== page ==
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Event Archive - The Songs of Leon Rosselson by: Marisa Orth-Pallavacini, (Rene Worst)

Sun. April 2nd 2017 @  St. James Community Hall (All Ages)
8pm doors at 7pm
Tickets at: Red Cat Records, Highlife Records, Rufus Guitar Shop, Tapestry Music Ltd
Marisa Orth-Pallavicini is a singer/ songwriter, living in Vancouver for the past 40 years! She has performed and sung with The Euphoniously Feminists for over 30 years as well as performing on her own. She has recorded a compilation of songs for Children: “This Here Mother Earth is For Everyone” and 4 Euphonious Feminists recordings.She has directed Children’s Peace choirs throughout her teaching career. One choir sang a song with Holly Near at a Walk for Peace in the early ’80’s. Another sang at The 2006 World Peace Forum concert at the Orpheum. A third sang at The opening of the London Drugs store on Broadway & Cambie and sent the $1000. fee they received to help build wells in Africa through Ryan’s Well Foundation.

Marisa was inspired and encouraged to work on this concert of Leon’s songs by her vocal and piano teachers, Jennifer Scott and Bonnie Ferguson. Jennifer graciously offered to lend her support and piano accompaniment to the project, Bonnie has contributed much musical expertise and her amazing ear, and Rene Worst joined in on bass when Marisa started recording some of Leon’s songs with Jennifer and Rene in their studio recording workshops. She has been a fan and friend of Leon Rosselson since they met at the Vancouver Folk Music Festival in 1981.

Jennifer Scott is a Vancouver-born vocalist and jazz pianist specializing in jazz, blues and world music. Jennifer is considered one of the most important jazz artists working in Canada and the United States today. From sold-out concerts in San Francisco to exclusive local club performances, Jennifer's performance experiences have been varied. Jennifer has appeared at Jazz Festivals all across Canada and in several of the United States. She has also appeared with such jazz luminaries as: Tommy Banks, Don Thompson, Kenny Wheeler, Skywalk, and Hugh Fraser, to name a few.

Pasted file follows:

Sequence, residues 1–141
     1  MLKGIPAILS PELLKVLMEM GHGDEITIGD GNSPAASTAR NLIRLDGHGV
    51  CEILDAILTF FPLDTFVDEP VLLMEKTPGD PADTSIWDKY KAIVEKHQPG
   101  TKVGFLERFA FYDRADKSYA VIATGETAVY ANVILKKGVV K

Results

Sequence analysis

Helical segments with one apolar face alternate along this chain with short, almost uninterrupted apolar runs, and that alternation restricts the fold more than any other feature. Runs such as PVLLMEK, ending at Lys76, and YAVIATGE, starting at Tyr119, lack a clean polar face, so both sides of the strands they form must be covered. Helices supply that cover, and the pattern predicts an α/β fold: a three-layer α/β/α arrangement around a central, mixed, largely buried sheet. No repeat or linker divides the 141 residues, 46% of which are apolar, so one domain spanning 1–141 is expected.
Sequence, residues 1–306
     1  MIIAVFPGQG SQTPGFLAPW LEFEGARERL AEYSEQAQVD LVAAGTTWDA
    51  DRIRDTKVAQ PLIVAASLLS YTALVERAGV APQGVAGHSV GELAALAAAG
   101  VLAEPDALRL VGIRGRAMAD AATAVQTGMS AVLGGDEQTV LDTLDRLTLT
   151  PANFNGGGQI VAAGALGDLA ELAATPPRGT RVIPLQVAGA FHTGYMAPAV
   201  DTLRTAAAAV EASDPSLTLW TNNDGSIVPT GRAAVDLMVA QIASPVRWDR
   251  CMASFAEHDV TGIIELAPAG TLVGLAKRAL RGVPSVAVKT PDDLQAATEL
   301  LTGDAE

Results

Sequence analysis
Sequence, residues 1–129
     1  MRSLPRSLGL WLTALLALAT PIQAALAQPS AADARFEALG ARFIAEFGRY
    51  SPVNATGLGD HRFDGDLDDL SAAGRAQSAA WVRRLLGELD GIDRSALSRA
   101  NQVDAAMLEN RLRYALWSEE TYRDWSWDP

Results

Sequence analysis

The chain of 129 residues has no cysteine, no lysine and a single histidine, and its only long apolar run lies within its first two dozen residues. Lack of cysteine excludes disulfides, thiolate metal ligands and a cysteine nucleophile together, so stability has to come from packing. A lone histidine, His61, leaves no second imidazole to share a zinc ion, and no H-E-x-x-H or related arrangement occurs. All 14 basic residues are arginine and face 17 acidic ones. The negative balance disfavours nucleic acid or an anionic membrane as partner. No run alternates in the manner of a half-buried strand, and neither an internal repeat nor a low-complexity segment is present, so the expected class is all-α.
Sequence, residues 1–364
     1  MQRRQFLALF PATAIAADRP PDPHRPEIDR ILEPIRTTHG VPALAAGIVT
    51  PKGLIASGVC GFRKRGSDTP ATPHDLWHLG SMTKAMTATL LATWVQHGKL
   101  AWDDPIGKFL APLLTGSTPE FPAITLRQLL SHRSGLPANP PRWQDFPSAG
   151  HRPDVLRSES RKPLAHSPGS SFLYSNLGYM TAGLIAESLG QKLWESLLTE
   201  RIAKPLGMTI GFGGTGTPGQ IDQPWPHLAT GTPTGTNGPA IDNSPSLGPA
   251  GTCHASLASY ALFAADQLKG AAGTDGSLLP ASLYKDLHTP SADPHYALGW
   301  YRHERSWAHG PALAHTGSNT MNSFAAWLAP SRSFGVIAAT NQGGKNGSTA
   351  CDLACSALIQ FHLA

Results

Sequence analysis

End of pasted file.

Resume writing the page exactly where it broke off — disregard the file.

As well as being a performer, she arranges and writes jazz and pop tunes, with several of her CDs containing a combination of original tunes, tunes she has arranged, and more traditional tunes. She has also appeared on many CBC recordings and has worked with many other musicians both live and in studio.

Rene Worst has been a professional bassist since 1971. His virtuosic and supportive bass playing has been a Canadian treasure for many years on both acoustic and electric basses. He is as gifted on fretless as he is on acoustic - a rarity in the industry. Rene Worst is one of the founding members of the noted fusion band "Skywalk" and has anchored and produced six recordings with them. He is also a highly regarded producer.

About Leon Rosselson:

In the early days of the folk revival, Leon Rosselson was a member of the Galliards with whom he made numerous radio and TV broadcasts and concert appearances. He started writing songs seriously (and humorously) in the early 1960s and hasn't stopped yet. His early songs were topical-satirical (some of them were featured on TV's satire show That Was The Week That Was) but he broadened out from there, absorbing different influences, from Music Hall to French Realist Song, and experimenting with different song forms.

He has performed in every conceivable venue around the country and toured North America, Holland, Belgium, Switzerland and Australia. He has written songs and scripts for Inter-Action's Dogg's Troupe and the Fun Art Bus, songs for a stage production of They Shoot Horses, Don't They? at the Crucible Theatre in Sheffield. He performed in shows with Roy Bailey and Frankie Armstrong, including the anti-nuclear No Cause for Alarm.

His song The World Turned Upside Down has been recorded and popularised by, amongst others, Dick Gaughan and Billy Bragg (who took it into the pop charts in 1985) and has been sung on numerous demonstrations in Britain and the USA. His Ballad of a Spycatcher, ridiculing the ban on Peter Wright's book, went into the indie singles charts in 1987 in a version backed by Billy Bragg and the Oyster Band.


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